Teacher who quit to grow peonies says sales have doubled every year - as flowers are “like catnip” to Brits
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A music teacher who quit her job to grow peonies says sales have doubled every year - as the ultra fashionable flowers are like“catnip” for Brits. Elonor Tivey has farmed the bright wedding favourites on a seven acre field near Osgathorpe, Leicestershire since 2017.
Peony season starts in three weeks’ time and Elonor says it’s no surprise the blousy blooms are growing in popularity. She had to compost her entire first crop in 2020 after Covid cancelled the wedding season - but now 5,000 red, coral, pink and white flowers bloom every year on her small farm.
The 47-year-old sends flowers in refrigerated vans to weddings and florists across the country and says sales have doubled every year since her first harvest in 2021. She will soon be reaping an extra 2,500 plants once a two acre expansion planted last year starts flowering in 2025.
She said: “I was a music teacher for 20 years and I still do a bit of supply during the autumn and winter when the plants are sleeping. I’ve always adored flowers and in my early 20s I experimented with a garden and I just got absolutely bitten by the farming bug.
“I just adored gardening and then I met my partner Richard who has a seven acre field not far from where we both grew up. We were looking for something we could do in the field.
“I was walking round my garden one January morning and thought ‘oh my peonies are up – bloody hell, yes, peonies!’. They’re long-lived, they’re high value, everybody loves them – as soon as I tell anyone I grow peonies people say ‘they’re my favourite’.
“We’ve got a gently sloping site here, it’s got good drainage and we get full sun – everything about it just dropped into place that peonies were the one. We got in touch with a guy in Holland who sold bulbs saying ‘we’ve had this stupid idea to start a peony farm’ and he said ‘brilliant’ and it all started from there.”
Elonor had to wait until 2020 for her peonies to grow enough to be harvested – only for Covid to wipe out all her potential sales. She said: “Although they take three years to establish, they can be in production for 20 years.
“You are playing the long game with them, it does take a lot for them to get established and for the first three years we did not pull a penny in. Then we had the pandemic which was supposed to be our first cutting year but that went down the toilet – no weddings, no flower stalls, no farmers’ markets.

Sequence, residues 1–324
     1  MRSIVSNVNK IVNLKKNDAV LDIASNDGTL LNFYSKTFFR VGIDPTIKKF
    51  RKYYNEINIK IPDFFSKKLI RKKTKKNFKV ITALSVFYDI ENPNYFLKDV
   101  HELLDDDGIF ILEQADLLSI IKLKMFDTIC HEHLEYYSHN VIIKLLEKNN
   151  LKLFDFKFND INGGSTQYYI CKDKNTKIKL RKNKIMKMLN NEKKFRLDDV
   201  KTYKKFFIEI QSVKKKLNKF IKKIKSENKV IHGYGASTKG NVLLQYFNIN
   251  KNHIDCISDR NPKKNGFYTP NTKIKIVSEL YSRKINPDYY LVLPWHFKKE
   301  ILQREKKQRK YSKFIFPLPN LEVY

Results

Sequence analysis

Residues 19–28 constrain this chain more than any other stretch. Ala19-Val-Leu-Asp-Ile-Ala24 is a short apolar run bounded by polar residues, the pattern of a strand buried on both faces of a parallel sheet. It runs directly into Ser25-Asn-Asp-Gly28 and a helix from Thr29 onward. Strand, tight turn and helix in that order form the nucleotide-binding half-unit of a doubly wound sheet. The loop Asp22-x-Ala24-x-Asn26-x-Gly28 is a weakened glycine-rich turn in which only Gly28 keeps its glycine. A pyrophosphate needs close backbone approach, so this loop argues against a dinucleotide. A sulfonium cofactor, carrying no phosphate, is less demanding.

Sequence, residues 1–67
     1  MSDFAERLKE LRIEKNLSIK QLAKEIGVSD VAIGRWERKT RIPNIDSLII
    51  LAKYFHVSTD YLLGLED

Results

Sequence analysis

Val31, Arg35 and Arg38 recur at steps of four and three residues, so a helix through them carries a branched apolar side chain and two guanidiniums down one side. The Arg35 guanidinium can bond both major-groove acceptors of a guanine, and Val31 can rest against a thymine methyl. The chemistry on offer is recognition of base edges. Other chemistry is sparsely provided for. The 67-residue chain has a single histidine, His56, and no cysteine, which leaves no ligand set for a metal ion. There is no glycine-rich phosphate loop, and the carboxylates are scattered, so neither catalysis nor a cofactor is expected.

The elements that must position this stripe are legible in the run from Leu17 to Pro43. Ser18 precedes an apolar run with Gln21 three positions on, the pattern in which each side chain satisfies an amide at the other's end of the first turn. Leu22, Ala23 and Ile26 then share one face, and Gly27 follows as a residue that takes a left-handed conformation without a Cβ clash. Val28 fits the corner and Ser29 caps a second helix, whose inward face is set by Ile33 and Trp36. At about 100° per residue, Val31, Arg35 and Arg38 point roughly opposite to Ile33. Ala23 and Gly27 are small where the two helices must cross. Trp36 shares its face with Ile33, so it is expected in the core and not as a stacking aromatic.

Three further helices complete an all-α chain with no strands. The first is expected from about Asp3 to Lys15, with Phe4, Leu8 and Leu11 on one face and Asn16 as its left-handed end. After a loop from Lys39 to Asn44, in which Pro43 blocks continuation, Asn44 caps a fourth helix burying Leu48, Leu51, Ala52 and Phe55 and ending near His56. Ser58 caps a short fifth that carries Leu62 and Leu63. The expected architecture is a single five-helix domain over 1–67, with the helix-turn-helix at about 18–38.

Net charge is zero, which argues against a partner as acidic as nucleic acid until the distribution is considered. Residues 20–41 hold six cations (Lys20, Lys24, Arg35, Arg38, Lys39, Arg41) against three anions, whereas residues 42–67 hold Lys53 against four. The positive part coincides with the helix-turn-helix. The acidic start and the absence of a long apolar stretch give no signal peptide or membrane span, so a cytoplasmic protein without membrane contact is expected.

“But we got cutting in 2021 and we doubled our sales in 2022 so I’m hoping for a really good year. It’s a sprint, not a marathon. The trick is to get the stems off the plant at the right time.
“You can’t do it too early and if they start opening then that’s it, you’ve stuffed it, because you can’t refrigerate them then. If I’ve got 1,500, 2,000 stems at that stage in one of my beds, then they’ve got to come off that day.
“It can be quite busy when I’m fulfilling my orders, packing my boxes and making sure they’re getting off with the courier and then stuffing flower boxes. It doesn’t leave much time.”
“But you’re only doing it for six or eight weeks and that’s it, you’re done. It’s not like you’re doing it all year so you can give it a bit of energy really.”
Elonor says British-grown peonies are always “catnip” for flower fans - and that the demand for homegrown blooms is blossoming. She said: “These days the bigger weddings want 100 to 200 stems and that’s my golden ticket really in terms of the amount to sell.
“We started going to farmers’ markets last year and they are really good fun. People find it very difficult to walk past a British peony stall without buying some.
“They just have that factor where people go ‘Oh wow, peonies’ and then I tell them they are literally grown 10 miles away and it’s catnip really. The British flower movement is growing and we have a lot of high-profile florists getting behind it now and saying ‘we should be using British flowers’.
“It’s all about being more sustainable and more local and that’s something I’m really proud of,” she added. “I think people need to realise that the flowers they’re buying in your average supermarket are not good for the environment and more people should consider paying a bit of a premium to support British flower growers.
“Climate is really important and shipping flowers halfway across the world when they’re perfectly happy to be grown in the UK is something I’m passionate about changing.”